Another teacher wrote that she was repulsedand wanted to see an investigation.
"I am OUTRAGED by this SLANDER and DEFAMATION OF CHARACTER implicated not only on (the school administrator), but also on MY INTEGRITY and the integrity of my husband ... " the teacher wrote.
A third teacher filed a complaint saying the comments were degrading and disrespectful and reflected negatively on the district.
"To think that a community member believes that (a school administrator) is unqualified because "he's too busy f--king his teachers" is a defamation to my character and could possibly destroy my teaching career," the teacher wrote.
Parent confirmed meeting with Coronado The parent referenced in the complaints against Coronado confirmed to The Republic that the superintendent had made those remarks earlier this year.
The meeting between Coronado and the parent came after the school administrator was not selected for a leadership position at a school in the Roosevelt district. The parent had wanted to know why.
MORE: Roosevelt district students in Phoenix left in lurch as bus drivers 'call in sick'
The parent, who spoke on the condition of anonymity, said the remarks "made me feel uncomfortable."
"I was like, 'What the hell?'” the parent said.
The parent asked Coronado why he hadn't done anything if his remarks were, in fact, true.
"If you know that this guy is a dirty man, what’s he doing around eighth-graders?” the parent asked.
The parent said Coronado did not give a clear answer.
The parent then met with the school administrator accused by Coronado to see whether the comments were true, and the school administrator was shocked and devastated, the parent said.
The administrator's reaction led the parent to believe that the accusations weren't true, the parent said.
Turbulent times in Roosevelt The teachers' complaints come at a turbulent time in the Roosevelt school district, with many parents, educators and community members expressing concerns over a laundry list of issues in the south Phoenix district.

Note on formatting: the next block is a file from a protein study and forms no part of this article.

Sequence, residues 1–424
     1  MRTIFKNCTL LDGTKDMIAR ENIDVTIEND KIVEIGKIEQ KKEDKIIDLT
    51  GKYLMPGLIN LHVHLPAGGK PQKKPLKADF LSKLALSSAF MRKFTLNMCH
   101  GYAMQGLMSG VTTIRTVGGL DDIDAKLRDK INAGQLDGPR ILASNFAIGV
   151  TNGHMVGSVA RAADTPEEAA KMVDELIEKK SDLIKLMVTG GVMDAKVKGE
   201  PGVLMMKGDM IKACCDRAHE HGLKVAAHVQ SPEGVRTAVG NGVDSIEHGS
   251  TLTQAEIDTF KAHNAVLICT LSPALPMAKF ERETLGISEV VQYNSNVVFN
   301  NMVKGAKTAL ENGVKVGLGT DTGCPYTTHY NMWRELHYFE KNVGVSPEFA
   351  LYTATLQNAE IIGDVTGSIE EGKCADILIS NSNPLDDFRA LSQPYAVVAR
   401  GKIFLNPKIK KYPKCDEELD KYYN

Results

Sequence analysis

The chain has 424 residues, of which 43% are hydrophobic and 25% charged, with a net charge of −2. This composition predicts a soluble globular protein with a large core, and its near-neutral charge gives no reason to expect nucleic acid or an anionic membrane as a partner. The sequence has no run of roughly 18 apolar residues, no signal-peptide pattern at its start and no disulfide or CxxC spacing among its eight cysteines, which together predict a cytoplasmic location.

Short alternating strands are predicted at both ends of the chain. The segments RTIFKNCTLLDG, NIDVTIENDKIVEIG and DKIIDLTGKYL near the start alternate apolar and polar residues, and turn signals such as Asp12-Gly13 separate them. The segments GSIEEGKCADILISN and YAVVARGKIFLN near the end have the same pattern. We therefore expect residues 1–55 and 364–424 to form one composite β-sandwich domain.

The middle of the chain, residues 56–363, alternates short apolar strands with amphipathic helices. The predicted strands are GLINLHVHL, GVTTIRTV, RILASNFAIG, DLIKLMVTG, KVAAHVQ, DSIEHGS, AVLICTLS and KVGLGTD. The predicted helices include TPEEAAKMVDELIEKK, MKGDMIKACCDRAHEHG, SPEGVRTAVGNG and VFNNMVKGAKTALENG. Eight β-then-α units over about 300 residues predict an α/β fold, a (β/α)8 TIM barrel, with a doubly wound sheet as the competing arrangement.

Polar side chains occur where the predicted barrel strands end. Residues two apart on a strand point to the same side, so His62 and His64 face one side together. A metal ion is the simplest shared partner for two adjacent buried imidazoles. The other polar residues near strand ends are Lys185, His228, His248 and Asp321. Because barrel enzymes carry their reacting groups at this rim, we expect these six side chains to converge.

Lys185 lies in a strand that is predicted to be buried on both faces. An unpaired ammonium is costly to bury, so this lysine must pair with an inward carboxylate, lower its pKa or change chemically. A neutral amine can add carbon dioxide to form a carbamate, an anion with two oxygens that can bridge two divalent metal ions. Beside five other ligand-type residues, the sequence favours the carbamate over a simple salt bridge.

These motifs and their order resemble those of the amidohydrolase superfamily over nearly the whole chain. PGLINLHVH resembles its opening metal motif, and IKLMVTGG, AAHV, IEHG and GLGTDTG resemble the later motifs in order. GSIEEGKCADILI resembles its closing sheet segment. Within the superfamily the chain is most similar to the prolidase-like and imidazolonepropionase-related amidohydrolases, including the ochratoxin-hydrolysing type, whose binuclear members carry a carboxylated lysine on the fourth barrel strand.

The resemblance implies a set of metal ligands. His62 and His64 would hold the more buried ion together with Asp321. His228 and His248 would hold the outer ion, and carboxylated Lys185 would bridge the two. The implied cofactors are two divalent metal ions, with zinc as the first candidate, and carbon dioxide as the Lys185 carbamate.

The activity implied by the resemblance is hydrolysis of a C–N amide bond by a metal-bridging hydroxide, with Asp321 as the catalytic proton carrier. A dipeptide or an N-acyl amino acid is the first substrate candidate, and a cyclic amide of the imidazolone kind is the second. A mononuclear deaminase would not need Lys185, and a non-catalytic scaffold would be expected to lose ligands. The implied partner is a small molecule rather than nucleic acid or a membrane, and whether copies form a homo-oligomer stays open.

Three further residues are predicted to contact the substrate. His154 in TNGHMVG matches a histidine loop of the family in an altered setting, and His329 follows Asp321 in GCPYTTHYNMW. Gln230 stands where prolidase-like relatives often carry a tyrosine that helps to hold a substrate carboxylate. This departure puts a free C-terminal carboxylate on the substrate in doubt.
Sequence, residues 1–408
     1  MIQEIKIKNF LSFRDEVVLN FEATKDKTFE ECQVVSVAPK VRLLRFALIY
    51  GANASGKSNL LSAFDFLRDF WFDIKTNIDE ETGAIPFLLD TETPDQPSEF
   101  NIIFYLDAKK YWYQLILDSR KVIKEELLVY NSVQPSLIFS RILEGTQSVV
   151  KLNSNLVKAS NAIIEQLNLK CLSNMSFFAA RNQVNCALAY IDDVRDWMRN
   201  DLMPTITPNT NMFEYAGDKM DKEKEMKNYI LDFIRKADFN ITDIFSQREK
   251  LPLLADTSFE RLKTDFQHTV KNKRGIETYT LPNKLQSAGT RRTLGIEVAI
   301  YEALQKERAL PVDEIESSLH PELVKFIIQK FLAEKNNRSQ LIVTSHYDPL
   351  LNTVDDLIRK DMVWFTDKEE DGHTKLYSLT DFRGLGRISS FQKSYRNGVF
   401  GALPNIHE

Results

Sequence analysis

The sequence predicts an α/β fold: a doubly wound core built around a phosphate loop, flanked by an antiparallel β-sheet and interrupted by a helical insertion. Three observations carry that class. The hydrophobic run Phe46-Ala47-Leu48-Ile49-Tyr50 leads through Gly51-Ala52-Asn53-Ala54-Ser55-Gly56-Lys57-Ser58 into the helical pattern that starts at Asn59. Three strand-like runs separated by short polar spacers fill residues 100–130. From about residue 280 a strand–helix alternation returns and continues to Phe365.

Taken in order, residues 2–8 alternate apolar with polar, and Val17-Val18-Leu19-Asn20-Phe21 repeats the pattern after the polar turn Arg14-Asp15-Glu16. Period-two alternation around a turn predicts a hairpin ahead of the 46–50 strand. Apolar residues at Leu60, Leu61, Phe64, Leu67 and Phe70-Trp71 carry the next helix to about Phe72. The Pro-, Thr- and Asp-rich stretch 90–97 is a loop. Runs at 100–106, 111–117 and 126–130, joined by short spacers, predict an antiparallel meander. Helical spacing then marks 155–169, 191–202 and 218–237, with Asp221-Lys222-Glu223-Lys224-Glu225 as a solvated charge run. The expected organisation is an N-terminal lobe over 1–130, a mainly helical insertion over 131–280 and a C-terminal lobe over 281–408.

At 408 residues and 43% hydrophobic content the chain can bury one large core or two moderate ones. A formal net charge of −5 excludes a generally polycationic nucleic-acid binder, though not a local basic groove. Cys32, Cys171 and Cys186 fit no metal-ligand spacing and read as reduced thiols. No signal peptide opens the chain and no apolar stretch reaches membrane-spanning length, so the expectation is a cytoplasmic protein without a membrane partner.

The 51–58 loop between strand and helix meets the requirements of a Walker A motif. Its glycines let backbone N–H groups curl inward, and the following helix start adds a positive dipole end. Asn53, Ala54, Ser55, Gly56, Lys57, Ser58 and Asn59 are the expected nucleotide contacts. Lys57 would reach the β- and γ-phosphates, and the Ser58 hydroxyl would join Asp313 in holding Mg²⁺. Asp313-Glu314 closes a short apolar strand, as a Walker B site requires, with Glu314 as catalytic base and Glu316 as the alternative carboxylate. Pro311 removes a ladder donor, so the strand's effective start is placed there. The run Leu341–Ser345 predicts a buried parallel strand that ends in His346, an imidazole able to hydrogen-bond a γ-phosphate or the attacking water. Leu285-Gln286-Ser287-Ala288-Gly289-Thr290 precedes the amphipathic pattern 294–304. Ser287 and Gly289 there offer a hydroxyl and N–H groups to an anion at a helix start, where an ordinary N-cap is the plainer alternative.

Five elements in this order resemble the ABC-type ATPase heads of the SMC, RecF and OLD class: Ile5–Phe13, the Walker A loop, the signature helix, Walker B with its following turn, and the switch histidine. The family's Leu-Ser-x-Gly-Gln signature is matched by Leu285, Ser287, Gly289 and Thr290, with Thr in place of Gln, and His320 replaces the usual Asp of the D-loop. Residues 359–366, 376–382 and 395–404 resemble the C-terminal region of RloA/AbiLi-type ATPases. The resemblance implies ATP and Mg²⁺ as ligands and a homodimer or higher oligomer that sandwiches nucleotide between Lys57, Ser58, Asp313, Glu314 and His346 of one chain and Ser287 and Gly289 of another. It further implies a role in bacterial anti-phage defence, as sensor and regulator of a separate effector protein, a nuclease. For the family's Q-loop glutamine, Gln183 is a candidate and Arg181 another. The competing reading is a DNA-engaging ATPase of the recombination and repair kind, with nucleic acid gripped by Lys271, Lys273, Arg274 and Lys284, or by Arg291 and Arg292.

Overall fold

More than 200 people packed the Aug. 7 school board meeting, which was punctuated by heated exchanges between the audience, superintendent and school board members.
At that meeting, Coronado gave a presentation on the 2017-18 school year in review in which he touted several initiatives — such as adding more advanced math classes for middle-school students and integrating iPad tablets in students' curriculum as a way to boost reading and math proficiency in the district.
Among the biggest accomplishments Coronado noted in his presentation was finishing the year with $4.7 million in budget reserves two years after a $3 million budget shortfall resulted in staff reductions for Roosevelt.
At that meeting, Coronado reaffirmed that boosting student achievement in Roosevelt remained one of his top priorities. According to 2017-18 AzMERIT results, 22 percent of Roosevelt's students were proficient in reading, and 24 percent of kids in grades 3-8 were proficient in math.
“It is unnecessary for these teachers to be here being disrespectful to this superintendent.”
Norma Muñoz, Roosevelt school board president But several educators — particularly at Roosevelt's Amy L. Houston Transition Service Center, which serves students with severe special needs — criticized the district for not having adequate resources and staffing to start the school year.
Muñoz, the school board president, repeatedly told members of the crowd that they were being disrespectful and asked some of them to leave. At one point, she threatened to call police.
“It is unnecessary for these teachers to be here being disrespectful to this superintendent. Not all of you, mind you," Muñoz said.
She gave Coronado a vote of confidence and praised the work he had done in the past year, saying it was "incredible" the district had come so far in such a short time.